Is Hamas Becoming More Moderate?

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The Palestinian group may be softening on key issues

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Senior Hamas leader Ismail Haniyeh speaks to supporters in Tunis / Reuters

One of the most under-covered developments in the Israeli-Palestinian arena these days is the subtle moves by Hamas over the past few weeks that may indicate a softening of their positions on key issues -- particularly their public commitment to "popular resistance," as well as their agreement to enter the Palestine Liberation Organization (PLO), a body that signed the Oslo Accords with Israel. The Carnegie Endowment's Nathan Brown tries to tie together these various developments in a new piece, offering an insightful and sober look into what we should make of these moves.

As Brown points out, the term "popular resistance" is quite nebulous and allows Hamas significant wiggle room:

Talk of popular resistance is hardly evidence that Hamas leaders have been reading Gandhi. First, Hamas leaders make clear that they still regard armed action as legitimate. And they have even suggested that the cease-fire does not mean an end to efforts to capture Israeli soldiers in order to force an exchange for Palestinian prisoners excluded from the last deal for Gilad Shalit. ...

Finally, popular resistance is not quite the same as nonviolence, though there is considerable overlap. When Palestinians speak of popular resistance they often do so to distinguish it from what they call the "militarization" of the second intifada. And sometimes they do so nostalgically to recall the first intifada, characterized by strikes, demonstrations, founding of grassroots organizations--and restricted largely to fairly low-level violence, like stone throwing. Popular resistance means involving the entire society in the effort rather than allowing a small number of hardened fighters to dominate the political field.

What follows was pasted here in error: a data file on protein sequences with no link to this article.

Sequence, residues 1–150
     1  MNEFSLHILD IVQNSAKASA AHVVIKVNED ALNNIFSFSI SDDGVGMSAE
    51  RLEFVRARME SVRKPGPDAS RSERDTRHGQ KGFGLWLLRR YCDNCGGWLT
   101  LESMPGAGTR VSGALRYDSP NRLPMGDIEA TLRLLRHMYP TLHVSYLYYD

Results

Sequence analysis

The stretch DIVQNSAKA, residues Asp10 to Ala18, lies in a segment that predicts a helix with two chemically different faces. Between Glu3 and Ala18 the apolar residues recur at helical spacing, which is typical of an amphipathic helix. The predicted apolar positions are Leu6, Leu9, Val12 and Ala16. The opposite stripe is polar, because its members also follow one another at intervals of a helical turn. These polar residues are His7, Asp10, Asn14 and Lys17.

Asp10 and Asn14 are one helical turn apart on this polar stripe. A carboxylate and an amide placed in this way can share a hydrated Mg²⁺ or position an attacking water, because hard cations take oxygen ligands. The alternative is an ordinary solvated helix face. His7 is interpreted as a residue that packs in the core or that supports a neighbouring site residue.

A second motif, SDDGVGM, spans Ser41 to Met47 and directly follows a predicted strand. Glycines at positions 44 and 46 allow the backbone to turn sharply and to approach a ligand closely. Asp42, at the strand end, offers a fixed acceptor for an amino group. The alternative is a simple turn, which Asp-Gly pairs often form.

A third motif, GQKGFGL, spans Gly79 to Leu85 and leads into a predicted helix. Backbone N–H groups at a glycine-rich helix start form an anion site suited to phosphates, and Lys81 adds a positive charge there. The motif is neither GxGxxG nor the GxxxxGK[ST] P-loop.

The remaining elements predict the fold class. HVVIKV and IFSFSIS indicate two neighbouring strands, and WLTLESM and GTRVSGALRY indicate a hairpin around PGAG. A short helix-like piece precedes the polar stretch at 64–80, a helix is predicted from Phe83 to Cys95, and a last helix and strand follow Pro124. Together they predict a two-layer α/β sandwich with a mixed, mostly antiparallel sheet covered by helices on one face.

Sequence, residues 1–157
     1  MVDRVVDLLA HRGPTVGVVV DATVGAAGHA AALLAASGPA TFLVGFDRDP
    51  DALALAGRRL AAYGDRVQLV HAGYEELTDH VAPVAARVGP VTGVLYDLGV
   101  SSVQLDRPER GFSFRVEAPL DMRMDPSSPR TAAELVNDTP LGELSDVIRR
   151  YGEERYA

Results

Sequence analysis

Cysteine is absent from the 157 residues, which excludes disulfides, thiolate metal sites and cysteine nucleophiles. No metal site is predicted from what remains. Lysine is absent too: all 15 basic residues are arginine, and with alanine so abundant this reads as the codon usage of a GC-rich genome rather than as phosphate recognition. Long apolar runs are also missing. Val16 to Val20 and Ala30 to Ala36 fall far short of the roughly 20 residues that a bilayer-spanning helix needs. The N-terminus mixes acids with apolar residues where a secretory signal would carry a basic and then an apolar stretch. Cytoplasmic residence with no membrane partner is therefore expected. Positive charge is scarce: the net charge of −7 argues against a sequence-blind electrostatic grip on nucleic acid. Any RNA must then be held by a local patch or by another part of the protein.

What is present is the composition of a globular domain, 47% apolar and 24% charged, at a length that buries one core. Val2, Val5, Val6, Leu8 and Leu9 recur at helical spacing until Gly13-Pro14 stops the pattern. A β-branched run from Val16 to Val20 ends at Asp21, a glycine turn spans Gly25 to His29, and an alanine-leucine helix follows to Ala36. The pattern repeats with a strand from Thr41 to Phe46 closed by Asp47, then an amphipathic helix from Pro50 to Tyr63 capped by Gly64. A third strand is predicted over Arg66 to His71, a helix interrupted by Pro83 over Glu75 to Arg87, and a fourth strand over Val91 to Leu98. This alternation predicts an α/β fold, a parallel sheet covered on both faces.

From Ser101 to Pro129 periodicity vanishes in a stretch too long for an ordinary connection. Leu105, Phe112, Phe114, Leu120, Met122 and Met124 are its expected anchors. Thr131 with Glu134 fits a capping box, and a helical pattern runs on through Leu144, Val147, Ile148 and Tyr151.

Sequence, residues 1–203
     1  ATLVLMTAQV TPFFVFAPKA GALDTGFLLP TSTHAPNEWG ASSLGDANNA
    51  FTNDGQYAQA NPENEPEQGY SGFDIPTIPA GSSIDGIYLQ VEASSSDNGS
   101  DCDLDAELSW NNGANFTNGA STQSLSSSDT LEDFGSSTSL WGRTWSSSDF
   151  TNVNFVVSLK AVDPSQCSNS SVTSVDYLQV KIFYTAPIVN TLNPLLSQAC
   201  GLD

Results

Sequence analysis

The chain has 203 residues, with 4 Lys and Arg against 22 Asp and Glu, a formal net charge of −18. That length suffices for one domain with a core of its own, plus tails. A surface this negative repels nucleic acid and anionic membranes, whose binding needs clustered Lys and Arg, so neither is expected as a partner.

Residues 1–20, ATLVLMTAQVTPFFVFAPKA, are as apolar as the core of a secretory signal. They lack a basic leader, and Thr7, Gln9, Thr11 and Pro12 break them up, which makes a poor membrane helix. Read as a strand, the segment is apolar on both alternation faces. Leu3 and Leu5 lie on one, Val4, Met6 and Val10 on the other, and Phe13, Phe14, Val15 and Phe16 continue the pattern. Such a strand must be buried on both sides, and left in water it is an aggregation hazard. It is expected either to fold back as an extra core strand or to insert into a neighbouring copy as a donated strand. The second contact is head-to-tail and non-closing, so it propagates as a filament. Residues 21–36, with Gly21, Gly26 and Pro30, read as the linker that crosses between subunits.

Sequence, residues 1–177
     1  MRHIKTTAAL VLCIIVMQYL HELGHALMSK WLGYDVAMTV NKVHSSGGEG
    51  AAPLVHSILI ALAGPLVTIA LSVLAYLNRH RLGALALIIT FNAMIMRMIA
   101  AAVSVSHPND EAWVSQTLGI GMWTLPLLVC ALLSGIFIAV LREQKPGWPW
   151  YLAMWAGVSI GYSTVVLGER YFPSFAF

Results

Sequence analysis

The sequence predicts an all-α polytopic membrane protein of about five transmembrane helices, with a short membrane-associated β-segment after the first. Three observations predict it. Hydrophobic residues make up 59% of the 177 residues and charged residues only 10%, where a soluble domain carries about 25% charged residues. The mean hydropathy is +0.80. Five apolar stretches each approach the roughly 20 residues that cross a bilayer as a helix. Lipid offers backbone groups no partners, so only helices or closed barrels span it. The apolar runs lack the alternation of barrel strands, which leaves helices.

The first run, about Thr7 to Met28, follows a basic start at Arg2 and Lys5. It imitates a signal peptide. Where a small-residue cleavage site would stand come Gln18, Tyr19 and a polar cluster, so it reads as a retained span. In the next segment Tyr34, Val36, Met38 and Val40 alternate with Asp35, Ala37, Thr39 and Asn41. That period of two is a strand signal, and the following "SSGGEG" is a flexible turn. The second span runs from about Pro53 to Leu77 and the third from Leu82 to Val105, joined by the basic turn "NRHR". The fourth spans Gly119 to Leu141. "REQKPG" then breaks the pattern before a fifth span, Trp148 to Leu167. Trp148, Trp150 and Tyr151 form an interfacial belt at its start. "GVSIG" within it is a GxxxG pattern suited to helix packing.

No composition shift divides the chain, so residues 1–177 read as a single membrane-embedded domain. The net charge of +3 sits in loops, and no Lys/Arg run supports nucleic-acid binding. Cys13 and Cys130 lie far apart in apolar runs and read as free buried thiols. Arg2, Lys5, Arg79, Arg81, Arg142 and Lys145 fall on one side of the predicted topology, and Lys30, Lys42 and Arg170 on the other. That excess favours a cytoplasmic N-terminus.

And that is a step that Hamas has now endorsed. It has broad resonance within a Palestinian society still traumatized and exhausted from the second intifada and with a broader Arab public still transfixed by the accomplishments of Tunisian and Egyptian crowds in facing down tyrants. ...

Hamas's embrace of popular resistance thus commits the movement to no permanent change in its organization or ideology but does allow it to tap into broader currents in Palestinian and Arab public opinion.

Hamas's willingness to join the PLO should similarly be interpreted as an ambiguous move at best:

By entering the PLO, is Hamas signaling its acceptance of the Oslo Accords and of Abbas's leadership? Not really. Both Hamas and its rivals have always agreed that in principle Hamas should be part of the PLO, though they generally have never come to terms with the practicalities of such a step. ...

9-11 Ten Years LaterPalestinian factions have agreed to construct an ad hoc body containing all factions to coordinate Palestinian affairs and make decisions jointly while they work together to build a reformed, inclusive PLO. ...  In the meantime--which could be a very long period indeed--the factions have agreed to only a formula for collective decisionmaking in which all prominent actors get a veto. And activating such structures does not demand acceptance of the Olso Accords or even of Abbas's authority--as Hamas made clear when it criticized Abbas's dutiful decision to show up for a Quartet-sponsored meeting with Israeli negotiators in Jordan in early January.

Thus, agreeing to join the PLO leaves enormous loopholes and does not commit Hamas to much of anything. Indeed, Hamas leaders have insisted that they have not accepted Oslo and will not accept the legitimacy of Israel.

Brown does, however, see some positive signs in the move:

Still, Hamas has allowed itself to be pointed in a clear direction of consensual decisionmaking. The movement's insistence that it will not recognize Israel has its own loopholes, since political parties and movements are not the relevant actors for international agreements or for recognizing states--a point often made in internal Palestinian discussions by those seeking to coax Hamas into the fold. Hamas need not abandon its principles, they say; it only has to accept the authority of Palestinian institutions that will sign the relevant agreements and take the necessary steps. No more is asked of Hamas in this regard than was asked of Fatah when Oslo was signed--the party did not immediately revise its documents to do reflect its support of the agreements with Israel when PLO leaders from the movement signed the accords. Neither was Likud for that matter required to change its platform from opposition to support for the agreements or to clarify the evasive statements of its leaders before running in post-Oslo elections.